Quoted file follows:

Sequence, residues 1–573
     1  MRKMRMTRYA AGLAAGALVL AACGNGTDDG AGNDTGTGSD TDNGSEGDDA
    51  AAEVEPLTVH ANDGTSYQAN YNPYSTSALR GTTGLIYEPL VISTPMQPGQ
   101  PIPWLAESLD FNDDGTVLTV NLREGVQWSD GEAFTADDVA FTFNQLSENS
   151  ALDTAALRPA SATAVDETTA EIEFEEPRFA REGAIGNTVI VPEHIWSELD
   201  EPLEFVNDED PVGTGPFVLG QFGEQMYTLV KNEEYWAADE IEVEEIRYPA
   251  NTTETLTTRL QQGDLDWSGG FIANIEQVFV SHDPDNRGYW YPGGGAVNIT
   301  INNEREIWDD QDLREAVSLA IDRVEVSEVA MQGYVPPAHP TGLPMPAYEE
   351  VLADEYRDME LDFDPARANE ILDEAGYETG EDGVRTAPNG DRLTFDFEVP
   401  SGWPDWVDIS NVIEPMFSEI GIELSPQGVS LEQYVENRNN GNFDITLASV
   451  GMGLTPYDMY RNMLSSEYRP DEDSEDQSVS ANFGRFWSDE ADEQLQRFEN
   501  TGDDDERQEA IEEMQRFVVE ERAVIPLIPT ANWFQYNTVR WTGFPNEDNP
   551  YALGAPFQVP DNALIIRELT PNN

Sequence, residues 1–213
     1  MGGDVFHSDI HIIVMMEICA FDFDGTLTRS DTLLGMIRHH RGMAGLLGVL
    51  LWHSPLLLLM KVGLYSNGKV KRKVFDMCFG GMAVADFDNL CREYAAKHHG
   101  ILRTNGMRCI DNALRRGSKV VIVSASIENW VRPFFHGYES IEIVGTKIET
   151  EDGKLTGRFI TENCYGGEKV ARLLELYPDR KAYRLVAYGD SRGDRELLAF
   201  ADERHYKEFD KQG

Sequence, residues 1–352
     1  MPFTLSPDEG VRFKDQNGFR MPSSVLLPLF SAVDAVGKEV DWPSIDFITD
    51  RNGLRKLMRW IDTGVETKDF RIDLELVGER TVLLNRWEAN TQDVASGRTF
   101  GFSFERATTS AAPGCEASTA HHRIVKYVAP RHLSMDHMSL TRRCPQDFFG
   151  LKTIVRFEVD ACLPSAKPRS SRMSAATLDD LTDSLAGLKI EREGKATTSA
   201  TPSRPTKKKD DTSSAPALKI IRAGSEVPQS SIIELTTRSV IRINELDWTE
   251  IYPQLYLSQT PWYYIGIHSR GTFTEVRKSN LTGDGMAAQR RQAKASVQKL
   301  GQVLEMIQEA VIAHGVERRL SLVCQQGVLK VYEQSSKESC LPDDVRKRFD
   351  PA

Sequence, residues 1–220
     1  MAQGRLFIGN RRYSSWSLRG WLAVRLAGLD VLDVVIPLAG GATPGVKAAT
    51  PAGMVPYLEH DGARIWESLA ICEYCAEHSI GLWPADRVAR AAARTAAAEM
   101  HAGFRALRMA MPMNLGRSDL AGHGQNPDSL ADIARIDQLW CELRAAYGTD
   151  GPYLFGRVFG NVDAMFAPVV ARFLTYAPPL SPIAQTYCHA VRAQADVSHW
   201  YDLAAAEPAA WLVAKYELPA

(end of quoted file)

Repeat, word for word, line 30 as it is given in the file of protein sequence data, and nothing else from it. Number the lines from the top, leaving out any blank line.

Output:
     1  MAQGRLFIGN RRYSSWSLRG WLAVRLAGLD VLDVVIPLAG GATPGVKAAT